Madibaz - Chris Kachungunu

Powerful Madibaz forward Chris Kachungunu has been living his dream out on the rugby field, but it has been one shared with his teammates.

The lock, standing tall at a shade under two metres, was named the Player that Rocks in his team’s 30-0 whitewash of the University of KwaZulu-Natal in their FNB Varsity Shield encounter last Friday.

Kachungunu, who made his first team debut in 2022 after impressing for the Young Guns, was surprised at receiving the accolade because of the “many great performances” in the match.

“This is the first time I have won it and, to be honest, I was shocked at first,” the 21-year-old admitted after leading the Gqeberha side to their second straight win.

“But when they came up to me, I was really happy and grateful. I couldn’t help but let my excitement show, as you can probably see from the picture they took.”

Yet, the forward, who does duty on the flank of the scrum from time to time, acknowledges that nothing is achieved on the pitch as a solo warrior.

“It really wasn’t just me,” he said, pointing at the rest of the team’s role in stealing almost all of their opponents’ lineout balls and several scrums to boot.

“That took their forwards out of the game, which is exactly what we wanted. I did what was expected of me – being a nuisance to them in the lineout and on defence and even attack.”

Madibaz - Chris Kachungunu

Madibaz forward Chris Kachungunu, voted the Player that Rocks, goes on the charge in their FNB Varsity Shield match against University of KwaZulu-Natal in Gqeberha last Friday. Photo: Michael Sheehan

The fourth-year biokinetics student highlighted the importance of dominating up front.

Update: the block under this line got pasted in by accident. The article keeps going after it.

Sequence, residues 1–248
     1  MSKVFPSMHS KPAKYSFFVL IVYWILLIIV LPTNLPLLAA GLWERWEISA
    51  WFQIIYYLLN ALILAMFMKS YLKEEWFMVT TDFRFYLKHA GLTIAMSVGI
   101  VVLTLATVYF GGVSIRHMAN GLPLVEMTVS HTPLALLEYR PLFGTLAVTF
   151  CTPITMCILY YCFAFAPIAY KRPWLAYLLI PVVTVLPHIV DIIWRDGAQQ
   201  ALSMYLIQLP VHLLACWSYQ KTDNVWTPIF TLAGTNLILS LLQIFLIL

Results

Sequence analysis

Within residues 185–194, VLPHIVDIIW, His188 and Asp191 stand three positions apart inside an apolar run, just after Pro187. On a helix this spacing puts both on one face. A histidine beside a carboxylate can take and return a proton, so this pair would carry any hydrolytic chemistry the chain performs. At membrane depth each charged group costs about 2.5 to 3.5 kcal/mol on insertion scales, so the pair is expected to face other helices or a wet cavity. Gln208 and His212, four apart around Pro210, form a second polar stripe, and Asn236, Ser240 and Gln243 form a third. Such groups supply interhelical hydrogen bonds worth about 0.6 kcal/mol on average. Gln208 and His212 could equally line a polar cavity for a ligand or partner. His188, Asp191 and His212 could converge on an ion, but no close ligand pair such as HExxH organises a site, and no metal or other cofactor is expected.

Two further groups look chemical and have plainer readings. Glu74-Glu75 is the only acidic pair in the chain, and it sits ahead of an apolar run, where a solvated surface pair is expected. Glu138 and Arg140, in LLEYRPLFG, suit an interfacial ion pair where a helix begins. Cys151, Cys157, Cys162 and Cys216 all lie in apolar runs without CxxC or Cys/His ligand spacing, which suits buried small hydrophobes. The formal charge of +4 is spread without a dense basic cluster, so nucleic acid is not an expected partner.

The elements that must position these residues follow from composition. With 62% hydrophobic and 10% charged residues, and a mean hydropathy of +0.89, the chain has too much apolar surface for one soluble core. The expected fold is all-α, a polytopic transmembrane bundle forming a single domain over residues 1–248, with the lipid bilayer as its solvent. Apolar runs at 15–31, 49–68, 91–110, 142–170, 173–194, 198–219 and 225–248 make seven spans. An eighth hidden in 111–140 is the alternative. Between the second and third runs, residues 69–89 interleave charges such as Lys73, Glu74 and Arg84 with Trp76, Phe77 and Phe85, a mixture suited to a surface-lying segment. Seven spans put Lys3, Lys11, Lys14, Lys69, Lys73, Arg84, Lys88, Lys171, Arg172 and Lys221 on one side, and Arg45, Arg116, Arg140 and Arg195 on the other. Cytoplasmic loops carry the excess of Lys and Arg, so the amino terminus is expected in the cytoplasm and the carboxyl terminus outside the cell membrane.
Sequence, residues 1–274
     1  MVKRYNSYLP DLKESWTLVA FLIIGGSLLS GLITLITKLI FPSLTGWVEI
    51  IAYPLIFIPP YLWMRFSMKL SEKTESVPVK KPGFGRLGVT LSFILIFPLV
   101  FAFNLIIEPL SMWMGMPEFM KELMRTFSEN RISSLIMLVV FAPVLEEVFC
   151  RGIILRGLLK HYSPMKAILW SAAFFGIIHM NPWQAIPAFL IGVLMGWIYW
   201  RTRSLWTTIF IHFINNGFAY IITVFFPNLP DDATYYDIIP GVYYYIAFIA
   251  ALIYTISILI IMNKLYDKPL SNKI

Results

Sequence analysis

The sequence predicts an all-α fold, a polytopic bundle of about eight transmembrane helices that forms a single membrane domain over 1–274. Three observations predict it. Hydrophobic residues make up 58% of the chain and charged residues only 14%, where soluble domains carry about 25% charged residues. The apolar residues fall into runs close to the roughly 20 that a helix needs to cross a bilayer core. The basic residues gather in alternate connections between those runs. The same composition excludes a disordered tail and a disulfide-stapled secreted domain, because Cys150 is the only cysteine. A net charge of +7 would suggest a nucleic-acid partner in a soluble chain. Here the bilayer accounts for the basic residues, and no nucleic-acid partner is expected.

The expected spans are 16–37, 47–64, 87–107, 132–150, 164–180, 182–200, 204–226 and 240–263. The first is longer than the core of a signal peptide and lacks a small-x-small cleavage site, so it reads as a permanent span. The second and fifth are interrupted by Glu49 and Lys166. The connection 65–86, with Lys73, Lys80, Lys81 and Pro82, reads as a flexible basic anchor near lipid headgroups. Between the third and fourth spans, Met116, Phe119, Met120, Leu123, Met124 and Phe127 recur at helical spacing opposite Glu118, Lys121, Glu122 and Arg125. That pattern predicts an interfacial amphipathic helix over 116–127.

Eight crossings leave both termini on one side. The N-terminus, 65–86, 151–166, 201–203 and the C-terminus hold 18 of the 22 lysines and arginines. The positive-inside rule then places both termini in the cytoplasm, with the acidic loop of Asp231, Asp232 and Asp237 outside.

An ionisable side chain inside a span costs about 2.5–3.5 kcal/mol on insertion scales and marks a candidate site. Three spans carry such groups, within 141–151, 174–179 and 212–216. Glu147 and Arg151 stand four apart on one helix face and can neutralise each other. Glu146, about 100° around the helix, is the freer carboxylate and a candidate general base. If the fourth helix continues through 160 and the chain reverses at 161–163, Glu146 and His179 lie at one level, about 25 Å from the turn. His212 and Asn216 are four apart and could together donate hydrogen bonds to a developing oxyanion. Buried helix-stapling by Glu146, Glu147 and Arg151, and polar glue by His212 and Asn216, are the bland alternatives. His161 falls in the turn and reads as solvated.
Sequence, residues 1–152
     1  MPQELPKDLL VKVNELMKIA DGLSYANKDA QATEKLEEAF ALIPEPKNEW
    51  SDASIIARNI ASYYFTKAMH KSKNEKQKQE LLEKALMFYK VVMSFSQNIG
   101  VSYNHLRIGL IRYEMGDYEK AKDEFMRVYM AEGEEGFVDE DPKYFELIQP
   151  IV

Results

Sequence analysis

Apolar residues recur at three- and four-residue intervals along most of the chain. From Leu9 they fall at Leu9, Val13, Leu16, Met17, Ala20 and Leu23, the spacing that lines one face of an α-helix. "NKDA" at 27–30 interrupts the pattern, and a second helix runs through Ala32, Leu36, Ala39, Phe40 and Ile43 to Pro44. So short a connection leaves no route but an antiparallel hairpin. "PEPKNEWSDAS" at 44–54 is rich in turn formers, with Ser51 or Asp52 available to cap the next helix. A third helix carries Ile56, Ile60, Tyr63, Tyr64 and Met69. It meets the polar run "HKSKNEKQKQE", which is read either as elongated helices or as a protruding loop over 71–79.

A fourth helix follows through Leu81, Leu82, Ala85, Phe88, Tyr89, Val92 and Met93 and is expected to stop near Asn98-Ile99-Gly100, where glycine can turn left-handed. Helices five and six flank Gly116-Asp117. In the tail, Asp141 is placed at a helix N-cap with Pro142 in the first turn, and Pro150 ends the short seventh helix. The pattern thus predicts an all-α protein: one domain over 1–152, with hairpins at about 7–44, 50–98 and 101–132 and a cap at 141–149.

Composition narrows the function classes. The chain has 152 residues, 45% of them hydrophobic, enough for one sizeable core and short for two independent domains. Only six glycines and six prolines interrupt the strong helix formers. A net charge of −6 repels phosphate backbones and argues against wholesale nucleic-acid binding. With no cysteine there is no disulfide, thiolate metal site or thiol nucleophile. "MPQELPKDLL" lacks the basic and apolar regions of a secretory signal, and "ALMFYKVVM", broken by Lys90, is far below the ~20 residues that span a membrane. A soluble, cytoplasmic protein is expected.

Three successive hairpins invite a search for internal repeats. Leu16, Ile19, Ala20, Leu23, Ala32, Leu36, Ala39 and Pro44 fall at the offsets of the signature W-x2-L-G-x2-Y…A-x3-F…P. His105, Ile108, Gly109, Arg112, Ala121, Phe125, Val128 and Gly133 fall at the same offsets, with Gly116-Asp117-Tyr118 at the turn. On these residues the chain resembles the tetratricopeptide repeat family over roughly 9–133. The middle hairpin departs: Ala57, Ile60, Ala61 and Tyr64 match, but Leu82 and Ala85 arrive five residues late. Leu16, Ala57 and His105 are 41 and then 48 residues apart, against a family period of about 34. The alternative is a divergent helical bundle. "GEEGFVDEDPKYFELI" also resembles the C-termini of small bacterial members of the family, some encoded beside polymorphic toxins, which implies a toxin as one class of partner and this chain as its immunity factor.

“It all starts with the forwards and if you can shut down their forwards, you deprive their backs of the ball. That’s exactly what we did.”

Early on, the Mandela University side were guilty of making a few unforced errors but they maintained their composure to start dominating the game.

“From there, the points just started racking up,” Kachungunu noted.

The Madibaz giant grew up in Pretoria before, eventually, settling in Arcadia with his mother and twin sister.

“I’m really grateful for all that she (his mother) has done, especially on her own.”

Although she “wasn’t really a fan of sports”, he persisted until he had won her over. “And look where we are now.”

His sister’s sporty side also helped motivating Kachungunu, who towers 1.97m above his togs these days.

“We always pushed each other to achieve over the years. She and my mom have been my main support.”

He started playing when he was around 10 years old and still remembers the excitement as if it were yesterday.

“We ran around chasing the ball like a bunch of headless chickens,” he recalled. “We just wanted to sidestep everyone on our own.”

It is evident that the sport has become a huge part of his life.

“To me, it’s not just a game, it’s a passion that brings me joy every time I play.”

He is cognisant of the fact that his on-field decisions can make or break his team and have been focusing on improving his carrying technique and decision-making.

The former is crucial in attack and for player safety while the latter leads to better choices under pressure, especially as a lineout caller.

The Madibaz are determined not to get carried away by the perfect start to their 2024 campaign.

“There’s a great spirit and the boys are amped up, but we know we can’t allow this to go to our heads as the job is not yet done.”

They are expecting Friday’s third-round clash at home against the University of Fort Hare to be a huge one.

The visitors will arrive on their turf with “big forwards and very quick backs”, so it will again be down to executing their systems effectively.